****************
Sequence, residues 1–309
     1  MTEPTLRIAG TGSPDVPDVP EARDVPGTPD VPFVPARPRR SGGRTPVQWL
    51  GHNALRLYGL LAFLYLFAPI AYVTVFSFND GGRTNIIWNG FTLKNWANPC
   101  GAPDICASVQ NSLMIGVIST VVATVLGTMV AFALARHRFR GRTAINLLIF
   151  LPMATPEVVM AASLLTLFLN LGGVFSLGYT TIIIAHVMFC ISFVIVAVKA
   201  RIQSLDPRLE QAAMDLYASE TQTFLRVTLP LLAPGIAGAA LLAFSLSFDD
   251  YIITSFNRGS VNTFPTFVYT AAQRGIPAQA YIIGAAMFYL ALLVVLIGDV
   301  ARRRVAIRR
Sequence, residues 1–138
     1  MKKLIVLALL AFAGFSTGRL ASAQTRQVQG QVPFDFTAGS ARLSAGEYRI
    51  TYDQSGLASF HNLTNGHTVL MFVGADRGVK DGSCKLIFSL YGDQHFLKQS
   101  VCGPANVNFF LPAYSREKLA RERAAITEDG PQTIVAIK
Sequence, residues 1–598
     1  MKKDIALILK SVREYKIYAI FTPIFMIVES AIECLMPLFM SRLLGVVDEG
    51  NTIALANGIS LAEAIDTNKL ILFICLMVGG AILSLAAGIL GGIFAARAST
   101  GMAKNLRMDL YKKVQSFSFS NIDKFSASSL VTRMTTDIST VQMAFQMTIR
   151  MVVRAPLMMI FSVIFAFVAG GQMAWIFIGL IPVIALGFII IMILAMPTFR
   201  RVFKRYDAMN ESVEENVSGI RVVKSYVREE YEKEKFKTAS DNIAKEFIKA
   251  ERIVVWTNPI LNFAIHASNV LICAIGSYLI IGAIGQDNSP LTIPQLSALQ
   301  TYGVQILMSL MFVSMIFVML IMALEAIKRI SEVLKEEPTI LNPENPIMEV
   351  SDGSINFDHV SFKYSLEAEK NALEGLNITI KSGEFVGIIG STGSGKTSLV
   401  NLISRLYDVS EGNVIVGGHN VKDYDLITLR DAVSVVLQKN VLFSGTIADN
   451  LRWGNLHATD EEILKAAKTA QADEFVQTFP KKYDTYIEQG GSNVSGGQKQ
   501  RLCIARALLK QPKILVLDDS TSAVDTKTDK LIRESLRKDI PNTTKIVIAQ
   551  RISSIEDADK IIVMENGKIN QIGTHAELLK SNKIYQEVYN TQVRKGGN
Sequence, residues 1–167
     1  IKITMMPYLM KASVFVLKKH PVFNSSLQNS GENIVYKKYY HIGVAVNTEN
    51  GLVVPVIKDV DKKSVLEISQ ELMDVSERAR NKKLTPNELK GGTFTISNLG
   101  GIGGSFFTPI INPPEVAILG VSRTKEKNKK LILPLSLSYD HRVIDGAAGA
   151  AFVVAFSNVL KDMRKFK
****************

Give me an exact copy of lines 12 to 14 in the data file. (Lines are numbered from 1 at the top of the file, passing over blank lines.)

   101  VCGPANVNFF LPAYSREKLA RERAAITEDG PQTIVAIK
Sequence, residues 1–598
     1  MKKDIALILK SVREYKIYAI FTPIFMIVES AIECLMPLFM SRLLGVVDEG